From version 60.1
edited by Patrick Masson
on 2019.06.30 at 12:08:28 PDT
To version 61.1
edited by Patrick Masson
on 2019.07.31 at 14:23:55 PDT
Change comment: There is no comment for this version

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3 3  The term "open" has become popularly used to describe a variety of objects; software and technology, educational resources, education, etc. Ambiguity exists in the meaning of open. For example, open education, where anyone can enroll with only the requirement of a fee and no education, versus being available to anyone without cost. In addition to the ambiguity of open and what it enables, also lies ambiguity with the openness of organizations.
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5 +Specifically to the success of open source software, many now invoke the label to describe their works or community, without guaranteeing the freedom to study, use, modify, and redistribute. Such activity can typically be described as open-washing~-~-marketing the product or company to imply alignment with open source software licenses, communities and ethos~-~-or fauxpen source~-~-distributing software with modified licenses that are not approved by the OSI, meeting the Open Source Definition.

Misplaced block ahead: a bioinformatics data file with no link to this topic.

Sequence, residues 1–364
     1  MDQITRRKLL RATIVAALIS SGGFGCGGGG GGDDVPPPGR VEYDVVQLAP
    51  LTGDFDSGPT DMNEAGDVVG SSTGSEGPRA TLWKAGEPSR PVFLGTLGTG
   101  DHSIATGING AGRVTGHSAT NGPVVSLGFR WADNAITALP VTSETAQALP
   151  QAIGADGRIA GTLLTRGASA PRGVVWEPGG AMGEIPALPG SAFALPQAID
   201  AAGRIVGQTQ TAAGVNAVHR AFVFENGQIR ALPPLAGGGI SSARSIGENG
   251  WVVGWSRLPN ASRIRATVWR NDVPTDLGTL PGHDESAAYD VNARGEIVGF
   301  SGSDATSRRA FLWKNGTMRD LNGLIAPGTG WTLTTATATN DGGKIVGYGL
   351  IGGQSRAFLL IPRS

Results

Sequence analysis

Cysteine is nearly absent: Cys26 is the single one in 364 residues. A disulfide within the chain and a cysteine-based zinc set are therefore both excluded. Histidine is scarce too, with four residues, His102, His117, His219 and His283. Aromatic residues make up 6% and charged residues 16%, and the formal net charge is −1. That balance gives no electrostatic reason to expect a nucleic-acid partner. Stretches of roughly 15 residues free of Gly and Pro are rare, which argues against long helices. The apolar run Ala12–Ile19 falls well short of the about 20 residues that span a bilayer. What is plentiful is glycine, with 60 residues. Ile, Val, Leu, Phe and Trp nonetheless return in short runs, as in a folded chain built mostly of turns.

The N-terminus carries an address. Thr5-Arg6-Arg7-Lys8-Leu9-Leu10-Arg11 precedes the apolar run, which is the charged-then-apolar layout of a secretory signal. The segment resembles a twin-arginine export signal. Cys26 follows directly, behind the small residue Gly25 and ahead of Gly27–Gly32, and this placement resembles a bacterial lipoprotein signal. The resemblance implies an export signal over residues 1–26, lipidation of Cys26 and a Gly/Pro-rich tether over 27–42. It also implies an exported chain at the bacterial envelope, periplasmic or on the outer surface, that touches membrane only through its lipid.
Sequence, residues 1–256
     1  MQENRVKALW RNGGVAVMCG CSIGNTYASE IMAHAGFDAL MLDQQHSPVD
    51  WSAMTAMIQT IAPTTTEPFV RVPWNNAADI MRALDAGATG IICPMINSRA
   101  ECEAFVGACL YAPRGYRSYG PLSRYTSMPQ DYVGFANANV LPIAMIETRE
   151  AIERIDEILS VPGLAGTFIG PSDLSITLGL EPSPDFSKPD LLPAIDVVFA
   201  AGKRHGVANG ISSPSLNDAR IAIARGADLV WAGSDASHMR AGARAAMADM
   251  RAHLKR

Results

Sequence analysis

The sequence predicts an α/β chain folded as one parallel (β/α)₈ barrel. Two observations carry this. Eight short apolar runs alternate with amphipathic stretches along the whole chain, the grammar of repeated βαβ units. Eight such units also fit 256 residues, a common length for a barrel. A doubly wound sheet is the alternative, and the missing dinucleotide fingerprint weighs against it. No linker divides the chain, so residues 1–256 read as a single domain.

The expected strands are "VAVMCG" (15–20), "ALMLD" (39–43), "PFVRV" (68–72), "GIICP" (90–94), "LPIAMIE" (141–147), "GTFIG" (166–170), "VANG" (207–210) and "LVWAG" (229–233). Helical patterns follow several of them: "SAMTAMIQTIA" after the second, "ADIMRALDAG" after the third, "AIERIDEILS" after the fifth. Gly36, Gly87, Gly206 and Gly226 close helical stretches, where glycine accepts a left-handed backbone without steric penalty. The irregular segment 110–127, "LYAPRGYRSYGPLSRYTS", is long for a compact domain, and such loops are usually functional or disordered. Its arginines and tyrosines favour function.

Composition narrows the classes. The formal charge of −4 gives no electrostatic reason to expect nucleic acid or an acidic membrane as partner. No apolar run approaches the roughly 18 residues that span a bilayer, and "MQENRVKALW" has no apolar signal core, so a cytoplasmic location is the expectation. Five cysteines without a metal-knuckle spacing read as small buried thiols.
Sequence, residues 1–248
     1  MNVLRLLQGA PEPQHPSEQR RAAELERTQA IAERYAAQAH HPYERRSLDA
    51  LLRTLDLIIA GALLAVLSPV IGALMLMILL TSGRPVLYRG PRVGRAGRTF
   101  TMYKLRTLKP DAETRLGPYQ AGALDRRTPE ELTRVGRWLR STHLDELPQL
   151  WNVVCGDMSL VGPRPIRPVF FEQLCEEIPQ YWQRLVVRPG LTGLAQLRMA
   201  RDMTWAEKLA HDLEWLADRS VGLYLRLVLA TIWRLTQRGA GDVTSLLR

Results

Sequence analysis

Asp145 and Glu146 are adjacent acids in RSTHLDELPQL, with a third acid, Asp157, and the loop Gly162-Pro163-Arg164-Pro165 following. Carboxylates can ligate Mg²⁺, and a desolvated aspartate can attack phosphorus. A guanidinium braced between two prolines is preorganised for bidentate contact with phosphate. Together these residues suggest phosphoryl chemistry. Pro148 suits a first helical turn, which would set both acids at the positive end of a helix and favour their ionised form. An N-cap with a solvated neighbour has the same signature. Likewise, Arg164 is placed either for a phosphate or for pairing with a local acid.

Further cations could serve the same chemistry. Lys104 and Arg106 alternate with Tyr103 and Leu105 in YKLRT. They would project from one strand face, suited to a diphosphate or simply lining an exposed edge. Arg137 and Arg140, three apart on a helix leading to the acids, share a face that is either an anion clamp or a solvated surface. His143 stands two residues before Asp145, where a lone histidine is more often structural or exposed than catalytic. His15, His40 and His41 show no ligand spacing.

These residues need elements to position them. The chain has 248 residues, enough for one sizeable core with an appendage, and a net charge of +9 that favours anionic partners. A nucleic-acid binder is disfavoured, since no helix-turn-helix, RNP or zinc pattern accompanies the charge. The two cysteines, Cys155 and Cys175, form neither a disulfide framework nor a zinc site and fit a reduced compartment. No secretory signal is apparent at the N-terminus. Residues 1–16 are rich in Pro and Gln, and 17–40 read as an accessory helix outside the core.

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5 5  The "Openness Index" attempts to define open attributes while assessing the type of openness within the community of practice who's responsible for the design, development, and distribution of the open artifact.
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7 7  **//Importantly, the "Openness Index" is not designed to assess the openness of any artifact, e.g. an object, software, OER, etc. claimed to be open—there are plenty of licenses that can be used to assess the openness of an object—but rather an the organization or community that creates and manages these artifacts.//**

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